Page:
This past Saturday was the inaugural event of the Jessup Art Loop, a community outreach event that showcases original local businesses and talent in Jessup, Pennsylvania on the second Saturday of the month from 3-8pm.
Allen, doting fiance, was asked to play at the event, being a local(ish) guitar badass, which worked out since I wanted to check it out anyway. So while he did a little something good for the community, I went off and had an awesome and eye-opening time at the Jessup Art Loop.
Allen played outside Capra Collina Winery on Constitution Ave, improvising over several backing tracks for an impressive four and a half hours straight. Man is intense.
Here’s a video of just a few minutes of his playing:
Capra Collina Winery is a small, family business completely deserving of their reputation in the area for quality, delicious wines. Their recipes are created the artful, old-fashioned way in the basement of their retail location, a quaint and adorable house-turned-winery with a separate kitchen and stairs that lead to a second (non-business-operational) floor.
The winery is seriously one of the coolest businesses I have visited. The people are friendly and genuinely appreciative of every single person who walks through their door. Of course, I also have to add that their wines are phenomenal. I walked out with three bottles of my own at the end of the day.
Naturally, Allen and I wasted no time opening a bottle for ourselves upon returning home that night. Here’s a quick picture we took enjoying a bottle of Niagara in his recording studio, located in the basement apartment of our house. Like his super bright green walls? Me neither.
Also out to lend their unique skills and talents to the Jessup Art Loop festivities were:
In addition to Allen shredding it up at Capra Collina, these musicians were also playing at various businesses throughout the Jessup Art Loop:
The inaugural Jessup Art Loop was a huge success. All of the business owners I had the chance to speak with as it was winding down were nothing but enthusiastic about the outcome and the amount of support that people had for their community and the businesses people have started in it in order to provide a life and legacy for their families. As someone who was merely a visitor of the Jessup Art Loop, a participant in all of what the businesses, musicians, and artists offered during those five hours on the second Saturday of the month, I walked away with a slightly different, yet humbling view of a town I grew up around but hardly ever visited.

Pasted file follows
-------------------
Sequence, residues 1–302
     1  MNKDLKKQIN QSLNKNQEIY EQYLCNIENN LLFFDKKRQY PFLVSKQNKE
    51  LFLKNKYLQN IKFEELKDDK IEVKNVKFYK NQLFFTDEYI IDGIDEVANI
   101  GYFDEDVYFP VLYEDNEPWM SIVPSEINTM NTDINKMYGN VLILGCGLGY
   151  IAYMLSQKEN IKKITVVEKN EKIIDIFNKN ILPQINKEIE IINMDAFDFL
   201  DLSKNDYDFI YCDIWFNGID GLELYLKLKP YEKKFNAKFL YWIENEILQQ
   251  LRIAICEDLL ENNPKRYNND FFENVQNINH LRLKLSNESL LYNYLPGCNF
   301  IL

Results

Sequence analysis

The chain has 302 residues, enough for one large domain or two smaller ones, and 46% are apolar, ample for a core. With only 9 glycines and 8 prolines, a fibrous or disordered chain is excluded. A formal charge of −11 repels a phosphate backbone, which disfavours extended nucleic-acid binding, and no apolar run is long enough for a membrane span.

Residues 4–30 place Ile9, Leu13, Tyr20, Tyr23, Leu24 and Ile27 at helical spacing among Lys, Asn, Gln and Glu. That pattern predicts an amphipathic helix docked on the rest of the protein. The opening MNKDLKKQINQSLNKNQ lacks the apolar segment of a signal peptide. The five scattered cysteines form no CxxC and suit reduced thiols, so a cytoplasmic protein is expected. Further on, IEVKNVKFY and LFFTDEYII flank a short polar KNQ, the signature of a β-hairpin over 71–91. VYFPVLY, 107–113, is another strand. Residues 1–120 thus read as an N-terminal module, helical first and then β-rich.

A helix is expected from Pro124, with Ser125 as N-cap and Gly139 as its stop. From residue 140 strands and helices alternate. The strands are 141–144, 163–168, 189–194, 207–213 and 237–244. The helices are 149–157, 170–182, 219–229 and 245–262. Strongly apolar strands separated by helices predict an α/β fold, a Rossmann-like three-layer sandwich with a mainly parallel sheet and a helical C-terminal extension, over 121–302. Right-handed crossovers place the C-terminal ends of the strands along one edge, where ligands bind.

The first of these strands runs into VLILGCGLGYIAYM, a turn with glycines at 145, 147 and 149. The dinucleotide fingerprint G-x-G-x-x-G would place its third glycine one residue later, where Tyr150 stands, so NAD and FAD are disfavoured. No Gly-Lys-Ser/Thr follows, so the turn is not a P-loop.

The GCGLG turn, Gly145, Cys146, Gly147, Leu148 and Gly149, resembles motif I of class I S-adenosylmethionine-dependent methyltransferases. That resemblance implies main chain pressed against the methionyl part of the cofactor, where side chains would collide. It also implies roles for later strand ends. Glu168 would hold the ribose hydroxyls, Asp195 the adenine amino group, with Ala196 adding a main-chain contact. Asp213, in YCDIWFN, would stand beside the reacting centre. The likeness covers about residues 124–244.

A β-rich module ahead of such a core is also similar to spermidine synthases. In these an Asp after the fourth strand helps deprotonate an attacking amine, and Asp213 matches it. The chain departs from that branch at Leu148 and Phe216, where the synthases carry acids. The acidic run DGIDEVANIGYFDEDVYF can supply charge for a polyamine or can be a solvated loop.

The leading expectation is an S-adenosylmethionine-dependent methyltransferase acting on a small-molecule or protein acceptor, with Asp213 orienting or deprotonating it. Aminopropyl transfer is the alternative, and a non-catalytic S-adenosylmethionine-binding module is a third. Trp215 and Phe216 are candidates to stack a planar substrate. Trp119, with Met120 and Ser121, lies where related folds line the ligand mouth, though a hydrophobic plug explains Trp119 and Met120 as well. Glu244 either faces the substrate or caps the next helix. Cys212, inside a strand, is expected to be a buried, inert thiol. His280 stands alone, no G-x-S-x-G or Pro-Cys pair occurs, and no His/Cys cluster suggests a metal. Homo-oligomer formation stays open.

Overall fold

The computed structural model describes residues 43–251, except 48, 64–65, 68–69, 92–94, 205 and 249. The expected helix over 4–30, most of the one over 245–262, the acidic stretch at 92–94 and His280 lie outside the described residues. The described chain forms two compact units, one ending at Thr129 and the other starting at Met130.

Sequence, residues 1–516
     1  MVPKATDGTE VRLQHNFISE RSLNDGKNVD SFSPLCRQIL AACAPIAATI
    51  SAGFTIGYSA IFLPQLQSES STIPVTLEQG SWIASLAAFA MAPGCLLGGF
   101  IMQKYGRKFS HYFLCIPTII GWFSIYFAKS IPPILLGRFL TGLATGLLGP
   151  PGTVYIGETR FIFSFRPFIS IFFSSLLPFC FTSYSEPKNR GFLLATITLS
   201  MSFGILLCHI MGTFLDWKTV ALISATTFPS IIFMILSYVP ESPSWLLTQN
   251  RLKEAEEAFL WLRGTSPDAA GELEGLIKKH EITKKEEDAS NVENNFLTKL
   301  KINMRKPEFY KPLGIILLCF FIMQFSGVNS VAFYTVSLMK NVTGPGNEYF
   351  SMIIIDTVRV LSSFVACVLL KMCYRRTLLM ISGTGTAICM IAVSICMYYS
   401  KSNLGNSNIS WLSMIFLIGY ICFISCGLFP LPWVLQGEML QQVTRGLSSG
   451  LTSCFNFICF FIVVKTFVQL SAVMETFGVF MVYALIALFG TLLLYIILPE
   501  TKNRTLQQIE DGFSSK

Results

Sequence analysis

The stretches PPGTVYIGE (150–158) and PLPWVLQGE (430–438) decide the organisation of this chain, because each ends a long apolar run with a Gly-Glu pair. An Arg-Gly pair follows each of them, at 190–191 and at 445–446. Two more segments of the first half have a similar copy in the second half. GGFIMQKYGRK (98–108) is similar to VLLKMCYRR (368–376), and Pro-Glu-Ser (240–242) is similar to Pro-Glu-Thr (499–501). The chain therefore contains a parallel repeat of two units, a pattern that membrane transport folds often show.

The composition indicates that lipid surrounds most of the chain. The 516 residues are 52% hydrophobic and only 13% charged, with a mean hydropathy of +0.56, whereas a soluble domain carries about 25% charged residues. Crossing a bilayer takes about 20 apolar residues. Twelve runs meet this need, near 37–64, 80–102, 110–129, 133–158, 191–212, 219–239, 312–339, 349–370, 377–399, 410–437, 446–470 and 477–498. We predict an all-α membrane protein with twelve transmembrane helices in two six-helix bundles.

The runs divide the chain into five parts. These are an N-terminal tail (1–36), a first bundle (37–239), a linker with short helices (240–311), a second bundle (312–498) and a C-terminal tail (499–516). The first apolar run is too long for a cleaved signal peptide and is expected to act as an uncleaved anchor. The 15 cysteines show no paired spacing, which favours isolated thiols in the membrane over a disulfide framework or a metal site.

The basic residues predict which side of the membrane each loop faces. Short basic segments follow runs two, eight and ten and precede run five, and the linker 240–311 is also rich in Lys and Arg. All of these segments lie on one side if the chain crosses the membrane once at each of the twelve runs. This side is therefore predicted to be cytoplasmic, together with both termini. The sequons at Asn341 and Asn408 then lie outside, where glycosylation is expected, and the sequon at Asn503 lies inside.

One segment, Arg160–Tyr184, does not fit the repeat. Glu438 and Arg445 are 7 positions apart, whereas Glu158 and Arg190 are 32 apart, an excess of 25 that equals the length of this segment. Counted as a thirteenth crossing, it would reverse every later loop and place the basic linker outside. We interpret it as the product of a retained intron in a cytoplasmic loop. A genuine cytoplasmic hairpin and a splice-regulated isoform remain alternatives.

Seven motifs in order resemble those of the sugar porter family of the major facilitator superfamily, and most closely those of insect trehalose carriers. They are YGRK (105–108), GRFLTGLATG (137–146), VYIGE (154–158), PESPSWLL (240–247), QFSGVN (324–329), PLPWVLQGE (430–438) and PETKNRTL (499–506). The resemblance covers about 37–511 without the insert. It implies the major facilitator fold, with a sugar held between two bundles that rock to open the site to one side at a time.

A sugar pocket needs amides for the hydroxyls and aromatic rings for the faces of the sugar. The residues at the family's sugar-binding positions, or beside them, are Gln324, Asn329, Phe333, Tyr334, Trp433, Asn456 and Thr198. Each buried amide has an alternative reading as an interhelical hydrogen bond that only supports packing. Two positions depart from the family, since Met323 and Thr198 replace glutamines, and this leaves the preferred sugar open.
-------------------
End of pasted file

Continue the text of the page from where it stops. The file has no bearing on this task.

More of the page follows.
When you are born, raised, and now live within 45 minutes of the same general area, you can start to believe you’ve seen all that area has to offer. Especially when it is a blue collar, working class area best known for coal and hours away from an actual large city. When you don’t fit perfectly inside the routine 9-to-5 box that eventually comes to be expected of the best of us — when you watch your neighbors get up in the morning, go to work, and come home at the same time everyday — it’s easy to feel disconnected and like maybe you just don’t fit in.
What the Jessup Art Loop showed me, however, is that there are amazing and talented people all around me doing great things. They are continuing their family legacy in the wine-making business; they are running bake shops in the hope of being able to pass it down to their children; there are people spending months on one drawing with the hope that someday it means as much to someone else as it does to them; there are people writing songs and baring their souls to a crowd looking for the person it will speak to; they are taking pictures of the beauty of life through a camera lens. Even more, there are people who can relate to you right outside your door, who care about the things you care about and who have also maybe felt as if they were on the outside looking in to their own community.
This is precisely why community events, such as the Jessup Art Loop, are so important. Everyone benefits when a community works together to do something fun and great. Businesses bring in more revenue (and then use those revenues to provide for their families and strengthen the local economy) and the people of that community realize that their home, the place that they thought they had seen and experienced everything they could in, does in fact still have a lot to offer them.